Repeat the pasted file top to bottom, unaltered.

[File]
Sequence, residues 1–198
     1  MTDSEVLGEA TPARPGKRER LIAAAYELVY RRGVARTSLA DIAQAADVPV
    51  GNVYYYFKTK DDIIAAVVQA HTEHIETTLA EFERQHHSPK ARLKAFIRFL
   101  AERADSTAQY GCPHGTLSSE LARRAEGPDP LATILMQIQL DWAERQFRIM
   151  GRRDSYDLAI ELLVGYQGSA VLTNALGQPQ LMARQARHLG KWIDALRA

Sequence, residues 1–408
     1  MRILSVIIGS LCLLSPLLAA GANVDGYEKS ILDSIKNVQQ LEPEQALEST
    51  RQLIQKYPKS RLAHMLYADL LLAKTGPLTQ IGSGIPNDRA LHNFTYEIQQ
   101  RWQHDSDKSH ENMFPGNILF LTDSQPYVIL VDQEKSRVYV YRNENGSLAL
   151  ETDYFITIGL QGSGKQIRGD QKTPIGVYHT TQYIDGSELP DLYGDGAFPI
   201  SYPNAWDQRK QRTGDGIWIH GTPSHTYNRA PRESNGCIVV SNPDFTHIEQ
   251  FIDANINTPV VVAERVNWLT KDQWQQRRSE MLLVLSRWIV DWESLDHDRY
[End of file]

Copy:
Sequence, residues 1–198
     1  MTDSEVLGEA TPARPGKRER LIAAAYELVY RRGVARTSLA DIAQAADVPV
    51  GNVYYYFKTK DDIIAAVVQA HTEHIETTLA EFERQHHSPK ARLKAFIRFL
   101  AERADSTAQY GCPHGTLSSE LARRAEGPDP LATILMQIQL DWAERQFRIM
   151  GRRDSYDLAI ELLVGYQGSA VLTNALGQPQ LMARQARHLG KWIDALRA

Sequence, residues 1–408
     1  MRILSVIIGS LCLLSPLLAA GANVDGYEKS ILDSIKNVQQ LEPEQALEST
    51  RQLIQKYPKS RLAHMLYADL LLAKTGPLTQ IGSGIPNDRA LHNFTYEIQQ
   101  RWQHDSDKSH ENMFPGNILF LTDSQPYVIL VDQEKSRVYV YRNENGSLAL
   151  ETDYFITIGL QGSGKQIRGD QKTPIGVYHT TQYIDGSELP DLYGDGAFPI
   201  SYPNAWDQRK QRTGDGIWIH GTPSHTYNRA PRESNGCIVV SNPDFTHIEQ
   251  FIDANINTPV VVAERVNWLT KDQWQQRRSE MLLVLSRWIV DWESLDHDRY